Allow me to back up a bit to the comment I made yesterday about the CE Winds "engraving". While I was tooting the horn, my 7-year-old daughter came up to me, pointed to the logo and asked, "Daddy, what are those scratches on the side?" In other words, I didn't exaggerate what I said yesterday .

    Oh, JBT? I might drop Bill Mike a line and see if he's interested in looking the horn over. He's not terribly far away from here.

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    Quote Originally Posted by pete View Post
    Psst. I know. Re-read my post .
    my bad

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    If I understand this correctly, the horn you have Pete, came from the factory with all the packaging still in place--including all key corks. Right? Since it is a known fact that even the horns that are among the best in the world like Selmer and Keilwerth, need adjustments and a proper set-up (although I still don't know why this should be necessary) prior to sale, I don't necessarily see intonation issues caused by possible key height issues unusual. The problem is figuring out if the key heights are actually the culprit.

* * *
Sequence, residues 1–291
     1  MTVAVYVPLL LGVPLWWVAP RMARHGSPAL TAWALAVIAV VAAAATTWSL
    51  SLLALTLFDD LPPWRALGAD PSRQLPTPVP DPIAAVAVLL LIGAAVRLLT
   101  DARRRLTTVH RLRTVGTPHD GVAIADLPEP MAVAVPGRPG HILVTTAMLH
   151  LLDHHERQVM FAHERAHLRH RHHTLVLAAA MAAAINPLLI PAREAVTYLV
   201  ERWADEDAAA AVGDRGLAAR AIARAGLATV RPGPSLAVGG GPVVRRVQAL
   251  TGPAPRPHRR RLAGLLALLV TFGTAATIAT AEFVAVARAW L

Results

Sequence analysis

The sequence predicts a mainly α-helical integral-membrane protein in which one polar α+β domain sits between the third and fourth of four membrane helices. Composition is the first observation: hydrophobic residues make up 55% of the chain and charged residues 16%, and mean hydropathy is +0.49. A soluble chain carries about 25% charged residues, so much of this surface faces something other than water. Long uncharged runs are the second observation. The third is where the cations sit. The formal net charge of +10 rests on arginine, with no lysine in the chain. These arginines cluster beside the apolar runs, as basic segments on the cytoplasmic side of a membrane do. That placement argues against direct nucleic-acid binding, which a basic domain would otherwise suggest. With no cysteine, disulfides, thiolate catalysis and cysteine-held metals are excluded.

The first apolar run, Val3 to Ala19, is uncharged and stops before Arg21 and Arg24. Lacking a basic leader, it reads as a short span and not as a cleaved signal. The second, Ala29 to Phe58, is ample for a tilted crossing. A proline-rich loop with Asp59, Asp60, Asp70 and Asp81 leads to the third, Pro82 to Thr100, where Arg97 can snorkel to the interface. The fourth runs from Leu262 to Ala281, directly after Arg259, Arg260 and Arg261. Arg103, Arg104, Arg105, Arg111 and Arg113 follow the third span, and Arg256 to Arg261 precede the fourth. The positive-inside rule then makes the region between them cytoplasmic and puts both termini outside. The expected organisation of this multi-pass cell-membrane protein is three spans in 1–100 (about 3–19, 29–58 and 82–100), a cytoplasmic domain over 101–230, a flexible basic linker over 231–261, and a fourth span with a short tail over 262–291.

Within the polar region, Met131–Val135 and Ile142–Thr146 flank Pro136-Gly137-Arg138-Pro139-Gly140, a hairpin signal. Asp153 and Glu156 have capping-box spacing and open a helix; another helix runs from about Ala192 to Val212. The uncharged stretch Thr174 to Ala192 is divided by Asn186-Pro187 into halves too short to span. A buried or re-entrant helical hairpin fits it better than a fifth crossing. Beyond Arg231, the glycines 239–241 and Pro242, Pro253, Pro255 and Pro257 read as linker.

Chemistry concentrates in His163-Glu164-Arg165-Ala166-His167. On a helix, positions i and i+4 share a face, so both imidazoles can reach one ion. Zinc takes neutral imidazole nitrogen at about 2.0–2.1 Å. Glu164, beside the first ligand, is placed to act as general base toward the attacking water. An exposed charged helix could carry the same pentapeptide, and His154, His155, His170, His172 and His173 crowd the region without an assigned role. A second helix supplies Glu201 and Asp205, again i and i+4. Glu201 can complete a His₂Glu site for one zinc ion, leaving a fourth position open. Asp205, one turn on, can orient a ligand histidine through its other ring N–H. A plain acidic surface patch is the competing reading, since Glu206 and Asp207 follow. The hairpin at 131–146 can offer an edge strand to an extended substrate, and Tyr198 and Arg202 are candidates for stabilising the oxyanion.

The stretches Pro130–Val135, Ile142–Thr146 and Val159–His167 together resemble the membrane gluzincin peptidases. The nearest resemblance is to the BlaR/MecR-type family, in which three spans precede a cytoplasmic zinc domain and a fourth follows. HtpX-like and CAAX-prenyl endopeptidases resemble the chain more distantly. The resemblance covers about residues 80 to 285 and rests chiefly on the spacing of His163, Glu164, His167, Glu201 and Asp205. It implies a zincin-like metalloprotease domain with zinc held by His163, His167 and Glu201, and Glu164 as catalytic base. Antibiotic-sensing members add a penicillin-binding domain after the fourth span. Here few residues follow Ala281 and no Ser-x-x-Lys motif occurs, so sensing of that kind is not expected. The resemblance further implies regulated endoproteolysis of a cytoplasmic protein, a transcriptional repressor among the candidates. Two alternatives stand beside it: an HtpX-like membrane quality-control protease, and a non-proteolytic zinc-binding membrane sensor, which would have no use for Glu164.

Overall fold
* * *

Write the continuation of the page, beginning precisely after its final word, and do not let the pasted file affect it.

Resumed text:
Call me a snob, but I'm not swayed by low prices of modern Asian horns as a backup. However in all fairness to the company, I'm not their target market either. (My vintage bias is showing.) As far as a possible option for my students is concerned, I'm still a believer in being able to try before you buy, and having a local store stand behind the product you buy. It will be interesting be read more of your compare/contrast impressions to the Yamahas. I have always believed that they are among the best, if not the best, of the student horns. (I'm talking about the ones made in Japan. I don't know what the newer ones are like. Aren't they now too made in Taiwan, or in the R.O.C.?)
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    Quote Originally Posted by Helen View Post
    If I understand this correctly, the horn you have Pete, came from the factory with all the packaging still in place--including all key corks. Right?
    Nope. It has a "Free $150 standard professional setup" that's done at CE Winds. Also, as mentioned, it was missing some of the packing corks.

    I've had all of one brand new horn shipped to me, my old YBS-52. It didn't have any packing corks at all and arrived OK. The reason why I mentioned the missing corks in the CE Winds case is because their manual says that they're supposed to be there.